Dr. Phil Cole
U. Idaho (USA)
Dr. B. Julia-Diaz
30 Apr 2013 (507)
A study of coherently coupled two-component condensates Abstract We present a self-consistent study of coherently coupled two-component Bose-Einstein condensates. The presence of the Rabi coupling prevents phase separation, but introduces a (second-order) phase transition between an unpolarized to a polarized ground state. We analyze the excitation spectrum and the structure factor along the transition for a homogeneous system, pointing out the main differences between a coherently coupled gas and a two-component mixture. Lastly, we discuss how the situation changes in the inhomogeneous case, when the trapping potentials for the two components are the same or different, and especially when one of them is an optical lattice.
Dr. M. Abad
BEC/U. Trento
Prof. M. Guilleumas
25 Apr 2013 (507) (RESCHEDULED)
Heavy flavor diffusion in a hot hadronic gas Abstract Current abstract: I will review the recent results concerning the diffusion and relaxation of heavy mesons in a hadronic gas at finite temperature. I will describe the dynamics of D and B mesons interacting with light mesons and show how the drag force and diffusion coefficients can be extracted using the Fokker-Planck equation. Results including baryons will also be presented.
Dr. J.M. Torres-Rincon
IEEC-UAB
Prof. J. Soto
18 Apr 2013 (507)
Tunneling, self trapping and manipulation of higher modes of a BEC in a double well Abstract Current abstract: We study the dynamical behavior of four modes of atomic Bose-Einstein condensates (BEC) trapped in a one dimensional double well trap. A general Hamiltonian is given in terms of the creation and annihilation operators as well as in the macroscopic limit. Three regimes of interaction are studied, each showing different degree of tunneling and self trapping in the two energy levels. Influence of initial conditions in the ground modes on the excited modes is also studied. The presence of chaos in the system is also noted.
Dr. J. Gillet
U. Okinawa
Dr. M. A. Garcia-March
9 Apr 2013 (507)
Nucleon-Nucleon scattering from the dispersive N/D method: Next-to-leading study Abstract Current abstract: We consider nucleon-nucleon interactions from Chiral Effective Field Theory applying the N/D method. We calculate the discontinuity of the NN partial-wave amplitudes across the left-hand cut (LHC) by including one-pion exchange, once-iterated OPE and leading irreducible two-pion exchange calculated in Chiral Perturbation Theory. We discuss both uncoupled and coupled partial-waves. Phase shifts and mixing angles are typically quite well reproduced, and a clear improvement of the results obtained previously with only OPE is manifest. We are also able to predict the S-wave effective ranges, once the scattering length are fixed without any other experimental input. In this way, we justify the correlation between scattering length and effective range in S-waves making use of the analytical properties of NN partial waves without any further assumption. We also show that the contributions to the discontinuity across the LHC are amenable to a chiral expansion.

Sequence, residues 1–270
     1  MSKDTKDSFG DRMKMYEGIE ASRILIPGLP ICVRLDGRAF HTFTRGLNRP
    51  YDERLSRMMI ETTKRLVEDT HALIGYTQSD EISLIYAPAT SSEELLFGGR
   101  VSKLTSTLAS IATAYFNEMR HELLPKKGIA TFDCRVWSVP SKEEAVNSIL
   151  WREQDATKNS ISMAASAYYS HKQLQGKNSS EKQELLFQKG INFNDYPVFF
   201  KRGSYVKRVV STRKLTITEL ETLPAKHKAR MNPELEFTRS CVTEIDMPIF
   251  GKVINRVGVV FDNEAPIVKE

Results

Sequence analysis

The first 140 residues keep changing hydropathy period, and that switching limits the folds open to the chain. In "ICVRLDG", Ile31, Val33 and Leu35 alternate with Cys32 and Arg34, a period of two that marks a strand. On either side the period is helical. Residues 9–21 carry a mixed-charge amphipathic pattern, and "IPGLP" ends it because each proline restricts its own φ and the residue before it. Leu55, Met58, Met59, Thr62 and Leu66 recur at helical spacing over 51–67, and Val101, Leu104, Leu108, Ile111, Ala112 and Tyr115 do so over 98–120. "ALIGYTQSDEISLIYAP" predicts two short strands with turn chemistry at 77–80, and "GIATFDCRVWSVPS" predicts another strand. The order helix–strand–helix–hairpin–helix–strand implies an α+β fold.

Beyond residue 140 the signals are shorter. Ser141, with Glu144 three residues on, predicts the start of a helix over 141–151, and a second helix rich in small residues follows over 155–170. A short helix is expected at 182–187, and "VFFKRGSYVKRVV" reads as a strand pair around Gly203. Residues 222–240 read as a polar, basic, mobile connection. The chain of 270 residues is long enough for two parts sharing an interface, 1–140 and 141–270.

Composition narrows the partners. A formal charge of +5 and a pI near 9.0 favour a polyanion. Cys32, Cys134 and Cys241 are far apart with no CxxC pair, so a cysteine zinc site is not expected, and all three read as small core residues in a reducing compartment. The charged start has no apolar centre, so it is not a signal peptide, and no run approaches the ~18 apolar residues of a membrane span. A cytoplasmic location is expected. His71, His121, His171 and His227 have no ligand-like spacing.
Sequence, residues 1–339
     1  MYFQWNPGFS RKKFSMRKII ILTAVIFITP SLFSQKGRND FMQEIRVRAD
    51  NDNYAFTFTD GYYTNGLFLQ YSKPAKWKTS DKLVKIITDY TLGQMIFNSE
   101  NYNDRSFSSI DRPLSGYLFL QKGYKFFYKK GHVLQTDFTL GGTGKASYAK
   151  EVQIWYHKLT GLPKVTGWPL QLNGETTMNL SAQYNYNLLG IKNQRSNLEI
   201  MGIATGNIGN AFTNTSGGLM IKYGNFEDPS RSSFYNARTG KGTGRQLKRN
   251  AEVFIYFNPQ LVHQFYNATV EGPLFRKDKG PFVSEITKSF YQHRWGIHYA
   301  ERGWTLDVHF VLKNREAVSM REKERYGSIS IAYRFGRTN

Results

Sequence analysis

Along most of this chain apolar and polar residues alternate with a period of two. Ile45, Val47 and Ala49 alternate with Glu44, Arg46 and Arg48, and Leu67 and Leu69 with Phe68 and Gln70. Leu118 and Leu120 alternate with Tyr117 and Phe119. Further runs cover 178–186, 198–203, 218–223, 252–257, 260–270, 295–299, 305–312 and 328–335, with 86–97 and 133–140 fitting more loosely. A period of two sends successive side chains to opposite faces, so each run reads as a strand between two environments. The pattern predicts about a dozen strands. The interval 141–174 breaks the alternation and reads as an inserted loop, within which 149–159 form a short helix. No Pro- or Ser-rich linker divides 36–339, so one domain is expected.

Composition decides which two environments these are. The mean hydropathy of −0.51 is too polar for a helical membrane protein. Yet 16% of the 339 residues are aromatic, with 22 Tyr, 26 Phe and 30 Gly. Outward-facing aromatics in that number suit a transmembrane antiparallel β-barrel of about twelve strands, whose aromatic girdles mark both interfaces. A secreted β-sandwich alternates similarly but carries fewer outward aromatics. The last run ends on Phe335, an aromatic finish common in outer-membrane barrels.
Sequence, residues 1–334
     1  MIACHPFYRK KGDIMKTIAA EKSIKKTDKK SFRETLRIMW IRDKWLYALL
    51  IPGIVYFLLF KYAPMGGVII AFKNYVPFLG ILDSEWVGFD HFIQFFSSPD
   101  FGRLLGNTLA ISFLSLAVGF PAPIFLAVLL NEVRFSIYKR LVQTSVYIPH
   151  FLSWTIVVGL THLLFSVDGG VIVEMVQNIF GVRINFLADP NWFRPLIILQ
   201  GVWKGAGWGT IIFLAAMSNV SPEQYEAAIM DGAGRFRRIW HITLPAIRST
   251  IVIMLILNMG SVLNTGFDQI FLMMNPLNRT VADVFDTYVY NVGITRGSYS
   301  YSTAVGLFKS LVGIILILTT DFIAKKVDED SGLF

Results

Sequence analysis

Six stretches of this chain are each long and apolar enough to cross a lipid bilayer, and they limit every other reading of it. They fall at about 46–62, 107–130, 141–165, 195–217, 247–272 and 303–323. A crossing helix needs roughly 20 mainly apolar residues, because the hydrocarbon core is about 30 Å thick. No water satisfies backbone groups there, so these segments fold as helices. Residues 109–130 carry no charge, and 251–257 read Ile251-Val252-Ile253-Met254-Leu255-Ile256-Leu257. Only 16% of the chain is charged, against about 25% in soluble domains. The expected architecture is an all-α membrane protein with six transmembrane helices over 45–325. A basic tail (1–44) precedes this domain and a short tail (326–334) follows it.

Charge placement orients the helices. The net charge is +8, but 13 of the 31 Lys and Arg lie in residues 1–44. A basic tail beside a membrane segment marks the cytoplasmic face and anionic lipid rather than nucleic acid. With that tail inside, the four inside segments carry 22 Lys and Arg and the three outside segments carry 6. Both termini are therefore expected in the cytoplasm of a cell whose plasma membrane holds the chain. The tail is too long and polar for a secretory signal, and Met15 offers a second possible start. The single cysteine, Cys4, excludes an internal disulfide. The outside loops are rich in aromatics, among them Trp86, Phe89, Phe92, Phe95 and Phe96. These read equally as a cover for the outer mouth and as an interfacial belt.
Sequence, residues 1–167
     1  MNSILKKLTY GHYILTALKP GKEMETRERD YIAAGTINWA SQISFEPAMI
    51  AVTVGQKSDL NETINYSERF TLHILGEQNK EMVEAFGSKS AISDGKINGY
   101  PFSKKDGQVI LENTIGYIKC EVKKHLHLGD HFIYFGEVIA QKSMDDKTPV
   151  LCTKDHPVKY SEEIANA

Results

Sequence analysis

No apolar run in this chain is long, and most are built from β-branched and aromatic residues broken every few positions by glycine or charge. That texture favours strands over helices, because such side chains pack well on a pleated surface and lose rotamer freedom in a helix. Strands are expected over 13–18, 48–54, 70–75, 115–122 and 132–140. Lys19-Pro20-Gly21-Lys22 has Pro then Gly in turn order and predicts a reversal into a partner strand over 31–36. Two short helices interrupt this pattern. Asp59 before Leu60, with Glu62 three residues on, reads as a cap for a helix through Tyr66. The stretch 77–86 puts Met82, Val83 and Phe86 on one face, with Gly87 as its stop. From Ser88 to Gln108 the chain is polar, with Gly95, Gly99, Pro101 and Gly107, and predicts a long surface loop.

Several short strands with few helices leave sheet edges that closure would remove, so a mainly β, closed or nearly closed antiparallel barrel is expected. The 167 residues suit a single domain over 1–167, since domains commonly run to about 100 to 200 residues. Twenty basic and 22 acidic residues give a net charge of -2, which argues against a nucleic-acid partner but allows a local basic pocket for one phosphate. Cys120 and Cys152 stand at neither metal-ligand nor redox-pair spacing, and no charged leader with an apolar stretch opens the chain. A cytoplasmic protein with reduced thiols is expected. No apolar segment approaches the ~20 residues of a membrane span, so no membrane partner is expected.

Prof. J. A. Oller
U. Murcia
Prof. A. Ramos
13 Mar 2013 (507)
Half-day meeting on ultracold atoms @ BCN Abstract Current abstract:
V. Ahufinger, G. Astrakharchik, J. Douglas
B. Julia-Diaz, P. Massignan, A. Sanpera
UAB/UPC/UB/ICFO
Dr. B. Julia-Diaz
7 Mar 2013 (507)
Integrated Mach-Zehnder interferometer with Bose-Einstein condensates Abstract Quantum mechanical particle-wave duality allows the construction of interferometers for matter waves, which may complement lasers in precision measurement devices such as gravimeters or gyroscopes. This requires the development of new atom-optics analogs to beam splitters, phase shifters, and recombiners. Realizing and integrating these elements into a transportable device has been a long-standing goal. I will present our recent realization of a full Mach-Zehnder sequence with trapped atomic Bose-Einstein condensates (BEC) confined on an atom chip. Particle interactions in our BEC matter waves lead to an intrinsic non-linearity, absent in photon optics. We exploit these interactions to generate a non-classical state with reduced number fluctuations, which is injected into the interferometer. Making use of spatially separated wave packets, a controlled phase shift is applied and read out by a diabatic matter wave recombiner. We demonstrate coherence times a factor three beyond what is expected for a classical coherent state, highlighting the potential of entanglement as a resource for metrology.
Dr. Jean-Francois Schaff
TU Wien
Dr. B. Julia-Diaz
26 Feb 2013 (507)
Why is lead so kinky? Abstract The charge radius of even lead isotopes changes abruptly across the N=126 shell gap. A full theoretical explanation for this kink in charge radii is still missing. Recent experimental data on polonium isotopes suggests that "kinkiness" is a rather general feature in this mass region. We will argue that the mechanism underlying this phenomenon is the occupation of the neutron 1i11/2 orbital. I will review a few mechanisms that could provide such an occupation and suggest further experimental evidence that can validate this picture.
Reference: P. M. Goddard, P. D. Stevenson, and A. Rios, Phys. Rev. Lett. 110, 032503
Dr. Arnau Rios
U. Surrey
Prof. A. Polls
22 Jan 2013 (507)